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Division of Cardiology, Brigham and Women's Hospital, Boston, MA, USA.
American College of Cardiology and American Heart Association (ACC/AHA) guidelines on perioperative assessment recommend perioperative beta blockers for non-cardiac surgery, although results of some clinical trials seem not to support this recommendation. We aimed to critically review the evidence to assess the use of perioperative beta blockers in patients having non-cardiac surgery.
We searched Pubmed and Embase for randomised controlled trials investigating the use of beta blockers in non-cardiac surgery. We extracted data for 30-day all-cause mortality, cardiovascular mortality, non-fatal myocardial infarction, non-fatal stroke, heart failure, and myocardial ischaemia, safety outcomes of perioperative bradycardia, hypotension, and bronchospasm.
33 trials included 12 306 patients. beta blockers were not associated with any significant reduction in the risk of all-cause mortality, cardiovascular mortality, or heart failure, but were associated with a decrease (odds ratio [OR] 0.65, 95% CI 0.54-0.79) in non-fatal myocardial infarction (number needed to treat [NNT] 63) and decrease (OR 0.36, 0.26-0.50) in myocardial ischaemia (NNT 16) at the expense of an increase (OR 2.01, 1.27-3.68) in non-fatal strokes (number needed to harm [NNH] 293). The beneficial effects were driven mainly by trials with high risk of bias. For the safety outcomes, beta blockers were associated with a high risk of perioperative bradycardia requiring treatment (NNH 22), and perioperative hypotension requiring treatment (NNH 17). We recorded no increased risk of bronchospasm.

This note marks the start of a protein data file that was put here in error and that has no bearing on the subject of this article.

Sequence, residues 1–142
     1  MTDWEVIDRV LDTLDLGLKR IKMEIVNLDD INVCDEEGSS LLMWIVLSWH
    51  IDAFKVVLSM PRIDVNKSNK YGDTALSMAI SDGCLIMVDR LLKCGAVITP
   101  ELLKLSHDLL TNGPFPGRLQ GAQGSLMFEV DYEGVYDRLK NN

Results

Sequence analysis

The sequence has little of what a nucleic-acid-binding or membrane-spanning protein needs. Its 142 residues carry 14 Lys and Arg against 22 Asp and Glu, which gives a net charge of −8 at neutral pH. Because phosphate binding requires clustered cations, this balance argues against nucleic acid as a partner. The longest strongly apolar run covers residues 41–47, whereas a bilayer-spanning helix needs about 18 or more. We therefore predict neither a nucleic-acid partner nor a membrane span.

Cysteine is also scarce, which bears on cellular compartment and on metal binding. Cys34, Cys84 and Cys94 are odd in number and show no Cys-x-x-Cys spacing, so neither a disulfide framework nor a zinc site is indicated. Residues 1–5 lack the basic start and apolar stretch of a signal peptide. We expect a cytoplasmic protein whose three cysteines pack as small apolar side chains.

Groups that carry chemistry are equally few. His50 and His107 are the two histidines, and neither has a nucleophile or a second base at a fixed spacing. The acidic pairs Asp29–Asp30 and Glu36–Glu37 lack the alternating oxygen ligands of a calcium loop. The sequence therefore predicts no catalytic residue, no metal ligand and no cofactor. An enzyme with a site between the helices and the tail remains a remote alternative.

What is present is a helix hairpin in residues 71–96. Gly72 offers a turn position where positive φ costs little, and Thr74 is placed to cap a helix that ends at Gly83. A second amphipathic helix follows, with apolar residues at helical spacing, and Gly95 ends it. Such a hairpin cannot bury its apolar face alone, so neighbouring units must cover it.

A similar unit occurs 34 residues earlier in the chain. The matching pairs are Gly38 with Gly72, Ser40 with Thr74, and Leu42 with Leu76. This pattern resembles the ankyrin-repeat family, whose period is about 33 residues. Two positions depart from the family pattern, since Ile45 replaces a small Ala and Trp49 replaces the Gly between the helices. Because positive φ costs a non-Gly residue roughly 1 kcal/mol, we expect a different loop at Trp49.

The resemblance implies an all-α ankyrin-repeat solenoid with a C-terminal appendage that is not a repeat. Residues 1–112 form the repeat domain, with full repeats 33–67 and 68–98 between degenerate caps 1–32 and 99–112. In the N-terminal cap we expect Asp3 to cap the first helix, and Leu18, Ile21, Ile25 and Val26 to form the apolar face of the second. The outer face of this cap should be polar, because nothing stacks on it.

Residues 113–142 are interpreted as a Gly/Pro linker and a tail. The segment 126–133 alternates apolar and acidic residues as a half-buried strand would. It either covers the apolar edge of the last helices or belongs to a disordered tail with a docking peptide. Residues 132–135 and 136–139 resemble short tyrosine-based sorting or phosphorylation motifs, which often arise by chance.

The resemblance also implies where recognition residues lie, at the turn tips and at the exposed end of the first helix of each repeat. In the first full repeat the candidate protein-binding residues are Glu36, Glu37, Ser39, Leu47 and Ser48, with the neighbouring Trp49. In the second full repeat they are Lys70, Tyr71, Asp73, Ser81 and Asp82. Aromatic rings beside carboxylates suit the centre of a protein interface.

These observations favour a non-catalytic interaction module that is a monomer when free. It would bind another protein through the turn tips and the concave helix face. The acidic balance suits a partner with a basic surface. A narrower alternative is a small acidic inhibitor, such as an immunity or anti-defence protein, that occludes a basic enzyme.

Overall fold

Evidence does not support the use of beta-blocker therapy for the prevention of perioperative clinical outcomes in patients having non-cardiac surgery. The ACC/AHA guidelines committee should soften their advocacy for this intervention until conclusive evidence is available.